“Perhaps Anastor and Noruil will pick greens with us,” Galithil said excitedly to Legolas as they pushed their spoons around in their porridge.

As they always did when the children mentioned Anastor and Noruil, the adults at the dining room table quieted to listen to the conversation.

Without noticing the attention they had drawn, Legolas made a sour face. “Why would that be a good thing?” he asked.

“They might bring the bows they got for their begetting days,” Galithil replied.

Hearing that, Thranduil and Aradunnon immediately frowned. Even Lindomiel and Amoneth looked at their sons worriedly.

“You may not play anywhere near those children if they are shooting those bows,” Thranduil interrupted in his most forbidding tone of voice. “And if I find out that you shoot them yourselves, you will be very sorry,”

Aradunnon nodded. “That would be a very good way to find yourself confined to your rooms,” he added. “This time until you are old enough to have a bow yourself.” Then he fixed Galithil with a suspicious glare. “And how did you know about the bows? Neither your naneth nor Arthiel have mentioned that you have played with Anastor or Noruil recently—not while they were supervising you, at any rate.”

Galithil scowled at his father. “We saw them when we were with Master Rodonon listening to the elders' stories. Brethil, Aewen and some other children were there along with Anastor and Noruil.”

Galithil's tone was enough to make Legolas cringe. “We only saw the bows, ada. We did not play with them,” Legolas said quickly, looking nervously at his father, who was studying him intensely.

But Galithil continued speaking to his father without pause. “Anastor and Noruil are younger than us. Why can they have bows but we cannot?”

Aradunnon put his silverware down and turned to face his son fully. “Anastor and Noruil are not old enough to be responsible with those bows or even strong enough to use them properly. If their parents choose to make decisions that endanger their children, that does not require me to follow their poor example. We have promised all of you that you will be given bows for your twentieth begetting days.” He paused for emphasis. “Unless you give us some reason to doubt that even at that age you will not be mature enough for such a responsibility.”

As Galithil and Aradunnon continued to glare at one another, Arthiel leaned towards Legolas. “Please tell me that my brother has not played with Anastor and Noruil’s bows,” she whispered.

The worry in her eyes made Legolas look down. “Brethil is not even speaking to Anastor and Noruil,” he responded quietly. “As for the bows, I think he agrees with uncle Aradunnon that their parents are…” Legolas stopped himself from referring to the adults as ‘stupid,’ though that was the term Brethil had privately used to describe them. “That they do not know their sons as well as they might,” he concluded.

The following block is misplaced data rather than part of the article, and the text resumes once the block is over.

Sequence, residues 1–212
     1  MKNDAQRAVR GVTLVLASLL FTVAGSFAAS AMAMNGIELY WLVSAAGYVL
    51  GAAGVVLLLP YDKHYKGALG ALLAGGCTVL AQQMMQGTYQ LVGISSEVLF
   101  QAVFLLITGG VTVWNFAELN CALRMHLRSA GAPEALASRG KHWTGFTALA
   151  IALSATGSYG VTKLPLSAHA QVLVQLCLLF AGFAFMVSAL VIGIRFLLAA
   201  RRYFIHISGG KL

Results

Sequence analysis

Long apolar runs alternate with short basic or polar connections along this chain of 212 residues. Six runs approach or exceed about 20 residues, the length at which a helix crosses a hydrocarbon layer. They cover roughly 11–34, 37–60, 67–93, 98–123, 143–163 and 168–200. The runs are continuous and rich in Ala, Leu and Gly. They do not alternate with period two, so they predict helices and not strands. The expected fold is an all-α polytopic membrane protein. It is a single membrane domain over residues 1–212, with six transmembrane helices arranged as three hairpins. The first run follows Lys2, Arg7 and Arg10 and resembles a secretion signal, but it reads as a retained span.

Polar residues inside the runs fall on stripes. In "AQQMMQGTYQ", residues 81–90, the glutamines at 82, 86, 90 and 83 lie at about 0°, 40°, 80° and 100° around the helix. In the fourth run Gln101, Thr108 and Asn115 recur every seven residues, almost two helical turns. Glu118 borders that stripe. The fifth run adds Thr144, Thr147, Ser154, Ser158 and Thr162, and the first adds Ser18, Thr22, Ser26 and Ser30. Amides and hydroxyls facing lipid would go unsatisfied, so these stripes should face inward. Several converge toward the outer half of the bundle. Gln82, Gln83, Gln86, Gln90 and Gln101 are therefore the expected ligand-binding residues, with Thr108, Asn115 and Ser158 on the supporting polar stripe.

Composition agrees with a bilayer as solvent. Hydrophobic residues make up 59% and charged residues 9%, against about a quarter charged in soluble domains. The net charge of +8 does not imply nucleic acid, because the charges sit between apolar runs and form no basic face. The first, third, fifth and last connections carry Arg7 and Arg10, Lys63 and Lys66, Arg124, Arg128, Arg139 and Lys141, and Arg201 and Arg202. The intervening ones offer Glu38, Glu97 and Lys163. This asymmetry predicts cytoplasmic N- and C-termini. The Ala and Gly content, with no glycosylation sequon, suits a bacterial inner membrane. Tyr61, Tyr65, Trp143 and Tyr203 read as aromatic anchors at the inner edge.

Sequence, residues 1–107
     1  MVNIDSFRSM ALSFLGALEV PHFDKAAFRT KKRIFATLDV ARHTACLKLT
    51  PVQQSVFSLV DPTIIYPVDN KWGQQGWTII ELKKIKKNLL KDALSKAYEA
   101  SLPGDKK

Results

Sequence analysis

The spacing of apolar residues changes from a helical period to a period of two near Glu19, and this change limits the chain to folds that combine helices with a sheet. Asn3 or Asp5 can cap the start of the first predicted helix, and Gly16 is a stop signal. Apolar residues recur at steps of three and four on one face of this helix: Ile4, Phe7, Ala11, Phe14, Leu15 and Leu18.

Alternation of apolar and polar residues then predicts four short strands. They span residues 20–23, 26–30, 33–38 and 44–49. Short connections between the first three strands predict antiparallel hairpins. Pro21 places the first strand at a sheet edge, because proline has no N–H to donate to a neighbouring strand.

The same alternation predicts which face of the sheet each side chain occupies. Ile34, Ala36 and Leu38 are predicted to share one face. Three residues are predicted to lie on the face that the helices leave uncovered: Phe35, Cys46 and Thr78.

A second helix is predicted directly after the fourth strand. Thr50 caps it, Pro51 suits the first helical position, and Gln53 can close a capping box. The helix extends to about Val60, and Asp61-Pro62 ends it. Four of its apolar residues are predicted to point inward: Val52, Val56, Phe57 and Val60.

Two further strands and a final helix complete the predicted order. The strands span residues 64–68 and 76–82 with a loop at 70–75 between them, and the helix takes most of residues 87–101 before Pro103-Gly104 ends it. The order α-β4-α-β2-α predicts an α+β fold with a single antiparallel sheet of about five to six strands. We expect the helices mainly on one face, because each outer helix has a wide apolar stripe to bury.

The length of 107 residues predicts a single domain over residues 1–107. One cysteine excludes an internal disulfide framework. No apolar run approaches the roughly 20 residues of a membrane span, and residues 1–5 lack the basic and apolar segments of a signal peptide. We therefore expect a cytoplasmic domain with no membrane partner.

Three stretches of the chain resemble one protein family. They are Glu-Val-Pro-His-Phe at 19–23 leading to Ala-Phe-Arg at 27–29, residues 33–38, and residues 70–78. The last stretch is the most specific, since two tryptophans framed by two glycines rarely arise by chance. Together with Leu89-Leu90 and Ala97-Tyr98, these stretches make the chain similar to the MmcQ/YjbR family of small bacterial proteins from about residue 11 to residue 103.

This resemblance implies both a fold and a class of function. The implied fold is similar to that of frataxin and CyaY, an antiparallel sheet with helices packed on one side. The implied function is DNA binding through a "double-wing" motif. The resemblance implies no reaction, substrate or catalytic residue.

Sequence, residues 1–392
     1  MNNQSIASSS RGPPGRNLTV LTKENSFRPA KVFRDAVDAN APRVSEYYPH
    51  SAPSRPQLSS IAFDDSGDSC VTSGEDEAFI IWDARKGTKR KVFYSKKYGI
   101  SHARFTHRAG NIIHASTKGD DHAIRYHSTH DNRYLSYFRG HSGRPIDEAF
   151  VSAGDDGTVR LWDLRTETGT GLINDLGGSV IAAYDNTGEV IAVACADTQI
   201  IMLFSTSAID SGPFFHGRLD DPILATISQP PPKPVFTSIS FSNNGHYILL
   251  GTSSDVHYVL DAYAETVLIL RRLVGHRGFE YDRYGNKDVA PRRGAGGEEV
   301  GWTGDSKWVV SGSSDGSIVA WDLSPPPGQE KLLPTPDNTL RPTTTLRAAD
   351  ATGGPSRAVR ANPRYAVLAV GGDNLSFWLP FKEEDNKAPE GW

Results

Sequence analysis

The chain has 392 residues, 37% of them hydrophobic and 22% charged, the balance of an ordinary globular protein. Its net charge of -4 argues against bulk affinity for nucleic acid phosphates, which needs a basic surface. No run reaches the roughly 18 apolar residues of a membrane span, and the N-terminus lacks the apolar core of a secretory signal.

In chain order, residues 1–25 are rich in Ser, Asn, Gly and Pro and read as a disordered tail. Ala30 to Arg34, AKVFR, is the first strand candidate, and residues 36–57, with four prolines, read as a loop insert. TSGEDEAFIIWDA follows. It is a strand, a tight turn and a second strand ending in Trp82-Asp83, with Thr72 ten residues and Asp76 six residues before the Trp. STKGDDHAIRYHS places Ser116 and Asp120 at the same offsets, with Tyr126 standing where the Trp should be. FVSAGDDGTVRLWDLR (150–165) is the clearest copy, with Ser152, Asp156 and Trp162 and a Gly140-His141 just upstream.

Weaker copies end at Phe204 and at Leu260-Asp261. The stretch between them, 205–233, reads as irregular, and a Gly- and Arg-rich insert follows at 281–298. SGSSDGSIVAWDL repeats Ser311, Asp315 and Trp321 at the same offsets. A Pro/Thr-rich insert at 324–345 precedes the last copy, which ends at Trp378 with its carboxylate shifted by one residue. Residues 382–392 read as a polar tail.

Thranduil snorted upon hearing Legolas’s words. “The problem is not that they do not know their children. The problem is that they are not much more intelligent than their children,” he said under his breath, though everyone present heard him.

“Thranduil!” Lindomiel exclaimed disapprovingly. “Legolas just showed better judgment and more respect than you did.”

Arradunnon waved his hand. “So Legolas can be a diplomat in his father’s court when he comes of age,” he said dismissively. “But whether you phrase it politely or directly, the fact is that Dolwen and Dannenion are fools to allow Noruil and Anastor to carry bows at their age, and I want Galithil to understand and acknowledge that,” he said, looking at his son expectantly.

Galithil smirked. “That they are all fools? Well, I acknowledge that,” he said readily. His expression grew more serious when his father’s scowl deepened. “I just do not think it is fair that they should have bows when we are older and do not…”

“Life is not always fair, Galithil,” Aradunnon interrupted, but his son did not pause.

“…so I was going to ask if we could just have lessons. Not be allowed to carry bows,” he emphasized when Aradunnon drew a breath to interrupt him. “Not even be allowed to have them except during lessons. I just would like to learn how to shoot on the archery range.”

“No, Galithil,” Aradunnon responded firmly. “When you are twenty, we will show you how to make a bow and teach you to use it to hunt. We promised to begin teaching you to track this year, but that is all. All things in their time and that is final.” He paused. “Now promise me that you will not lay hands on anyone’s bow until you are twenty.”

Galithil sighed and looked at his porridge. “I promise,” he said resentfully, scooping up a large mouthful and grimacing because it was cold.

Lindomiel looked around the table silently for a moment before placing her napkin beside her plate. “I think it is time for the children to go to their lessons,” she said, standing.

Everyone at the table rose as she did.

“I will walk them to the library,” Dolgailon volunteered, reaching for his brother’s hand. Galithil tried to twist free of his grasp, but Dolgailon’s grip only tightened. “I am due on the training field in a few moments. We are taking some of the third-years into the forest for a drill today.”

Lindomiel studied Dolgailon and Galithil for a moment before smiling and bending over to place a kiss on Legolas’s head. “Arthiel and I will come meet you after your lessons so you can come with us to pick greens,” she said.